The Changing Role of the CIO in a Post-COVID World
CIOs in 2019 were already warned that IT budgeting for 2020 would be challenging due to several issues like the US-China Trade War or Brexit. The challenge has been compounded by the COVID-19 pandemic.
The UN Department of Economics and Social Affairs have projected that COVID-19 may cut global economic output by $8.5 trillion over the next two years. They also estimate that, “GDP growth in developed economies may plunge to -5.0% in 2020. A modest, 3.4% growth — barely enough to make up for lost output — is expected in 2021. World trade is forecast to contract by nearly 15% in 2020 amid sharply reduced global demand and disruptions in global supply chains.” COVID-19 has unhinged just about every industry across the globe and technology is no exception.
IT Leaders Need To Shift Their Focus
In the face of this challenge, companies are choosing to shift their short and medium-term priorities. This move is evident through changing demand across different IT categories, with significant variation across industries.
Cutting down on IT capital expenditures has taken on significant importance during the pandemic. A recent report by Gartner estimates that worldwide IT spend will total $3.5 trillion in 2020, which amounts to a 7.3% decline from 2019. However, spend on devices are expected to be hit worse with a decline of 16.1%, followed by data center systems, where there might be a 10.3% decline. With declining revenues, several companies have paused deployments of new technology and many have postponed upgrading existing hardware, delaying feature add-ons or upgrades to existing software. Even businesses that are not taking a considerable hit from this crisis are being extra cautious and pulling back.
However, as countries start reopening and governments ease lockdowns, many businesses will restart operations, reallocate budgets and plan to restore a scalable business. IT leaders may increasingly see fit to migrate to subscription-based products and cloud services to cut down on upfront costs.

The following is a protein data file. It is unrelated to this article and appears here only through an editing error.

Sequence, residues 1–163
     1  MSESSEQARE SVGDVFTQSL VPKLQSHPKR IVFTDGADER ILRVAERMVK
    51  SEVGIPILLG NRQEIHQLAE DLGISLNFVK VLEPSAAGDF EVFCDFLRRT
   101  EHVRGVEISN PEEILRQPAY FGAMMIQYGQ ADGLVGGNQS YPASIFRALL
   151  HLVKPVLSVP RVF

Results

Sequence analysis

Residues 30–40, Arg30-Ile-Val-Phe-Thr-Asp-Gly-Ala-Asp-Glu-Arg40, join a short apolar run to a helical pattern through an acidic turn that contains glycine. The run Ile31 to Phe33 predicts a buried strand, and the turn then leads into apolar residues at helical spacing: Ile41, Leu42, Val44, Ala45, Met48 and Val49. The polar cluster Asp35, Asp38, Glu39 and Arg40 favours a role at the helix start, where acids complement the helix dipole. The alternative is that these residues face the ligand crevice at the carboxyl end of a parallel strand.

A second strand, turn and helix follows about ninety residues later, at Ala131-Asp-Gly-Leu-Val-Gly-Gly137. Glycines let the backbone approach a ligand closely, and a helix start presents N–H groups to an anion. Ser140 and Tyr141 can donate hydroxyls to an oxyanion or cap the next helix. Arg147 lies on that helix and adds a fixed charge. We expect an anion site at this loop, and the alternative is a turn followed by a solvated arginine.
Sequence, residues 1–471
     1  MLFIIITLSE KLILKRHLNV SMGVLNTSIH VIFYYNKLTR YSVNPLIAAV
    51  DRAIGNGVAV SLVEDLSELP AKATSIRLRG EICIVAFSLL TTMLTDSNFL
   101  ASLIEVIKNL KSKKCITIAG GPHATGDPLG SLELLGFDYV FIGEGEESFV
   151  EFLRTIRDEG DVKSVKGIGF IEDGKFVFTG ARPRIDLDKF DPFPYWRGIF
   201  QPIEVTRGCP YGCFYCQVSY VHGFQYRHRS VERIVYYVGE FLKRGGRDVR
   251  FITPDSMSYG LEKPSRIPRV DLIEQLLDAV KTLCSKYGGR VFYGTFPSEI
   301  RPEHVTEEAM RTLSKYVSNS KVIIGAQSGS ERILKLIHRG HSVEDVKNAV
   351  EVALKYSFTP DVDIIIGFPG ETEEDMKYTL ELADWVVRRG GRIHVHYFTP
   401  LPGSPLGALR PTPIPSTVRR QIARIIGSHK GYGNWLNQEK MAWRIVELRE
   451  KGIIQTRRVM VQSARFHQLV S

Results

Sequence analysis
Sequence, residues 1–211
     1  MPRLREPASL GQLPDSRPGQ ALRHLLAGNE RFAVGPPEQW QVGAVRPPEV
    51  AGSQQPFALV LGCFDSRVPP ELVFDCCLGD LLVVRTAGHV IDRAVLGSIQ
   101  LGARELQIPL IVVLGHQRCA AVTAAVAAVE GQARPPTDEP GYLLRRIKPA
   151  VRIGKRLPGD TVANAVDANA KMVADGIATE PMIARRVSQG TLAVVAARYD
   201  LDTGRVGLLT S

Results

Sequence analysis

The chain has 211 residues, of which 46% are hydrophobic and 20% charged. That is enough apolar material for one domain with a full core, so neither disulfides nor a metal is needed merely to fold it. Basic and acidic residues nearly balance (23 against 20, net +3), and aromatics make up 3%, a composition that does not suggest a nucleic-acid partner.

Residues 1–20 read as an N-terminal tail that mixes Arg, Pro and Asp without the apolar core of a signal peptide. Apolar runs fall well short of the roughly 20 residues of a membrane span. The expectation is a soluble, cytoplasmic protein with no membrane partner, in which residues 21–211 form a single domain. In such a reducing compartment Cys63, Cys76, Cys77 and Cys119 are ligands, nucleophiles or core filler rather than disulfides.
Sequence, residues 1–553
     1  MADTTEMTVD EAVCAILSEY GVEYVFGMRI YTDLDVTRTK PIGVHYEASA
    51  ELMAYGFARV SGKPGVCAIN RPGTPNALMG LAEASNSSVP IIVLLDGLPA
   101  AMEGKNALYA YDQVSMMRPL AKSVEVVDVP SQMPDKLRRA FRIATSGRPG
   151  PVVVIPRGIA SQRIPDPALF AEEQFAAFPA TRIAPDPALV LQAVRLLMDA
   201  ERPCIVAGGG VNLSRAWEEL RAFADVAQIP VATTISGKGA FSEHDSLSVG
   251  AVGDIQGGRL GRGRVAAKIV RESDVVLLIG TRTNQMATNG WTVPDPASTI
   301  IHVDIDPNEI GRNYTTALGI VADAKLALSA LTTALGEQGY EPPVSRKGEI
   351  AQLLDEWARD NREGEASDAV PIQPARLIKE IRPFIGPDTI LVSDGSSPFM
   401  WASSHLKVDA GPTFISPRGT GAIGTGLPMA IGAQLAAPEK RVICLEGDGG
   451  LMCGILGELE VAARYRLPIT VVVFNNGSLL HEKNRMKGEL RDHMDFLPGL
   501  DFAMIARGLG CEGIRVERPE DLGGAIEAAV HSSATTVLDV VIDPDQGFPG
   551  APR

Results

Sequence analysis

Invest In The Right Technologies
During times of crisis, it has often been observed that firms that had invested in digital technologies and training have fared relatively better. A digital-first approach is high priority now and is expected to remain so for quite some time, for example, tools and solutions that aid remote working. Several enterprises expect that migrating apps to the cloud will be of prime importance over the next two years.
Growing investment is also observed in other solution categories that aid remote working. Security, compliance, communication and collaboration tools are a few examples. Security has been of paramount importance with remote working and VPNs not being able to support larger networks. IT organizations are allocating large chunks of their budget to making security airtight for remote-working employees. Other collaboration tools, such as employee monitoring solutions and apps for increasing employee productivity are sound investments in the new normal.
Another major area of investment seems to be sales and marketing. Customers are wary about signing newer suppliers, primarily due to the difficulty in engaging with suppliers and the discomfort of signing large contracts without personal engagement. This has prompted suppliers to adopt digital selling channels, invest on customer-facing apps and utilize digital tools to create visibility across the sales process.
The Way Ahead
As companies navigate these challenging times, it is evident that the focus is changing. The relative operational advantage of larger firms over smaller companies may enhance the digital divide. However, even though budgets are contracting, there is still room for investment to prepare for when the economy rebounds.
What’s Your Plan for Procurement and Supply Chain?
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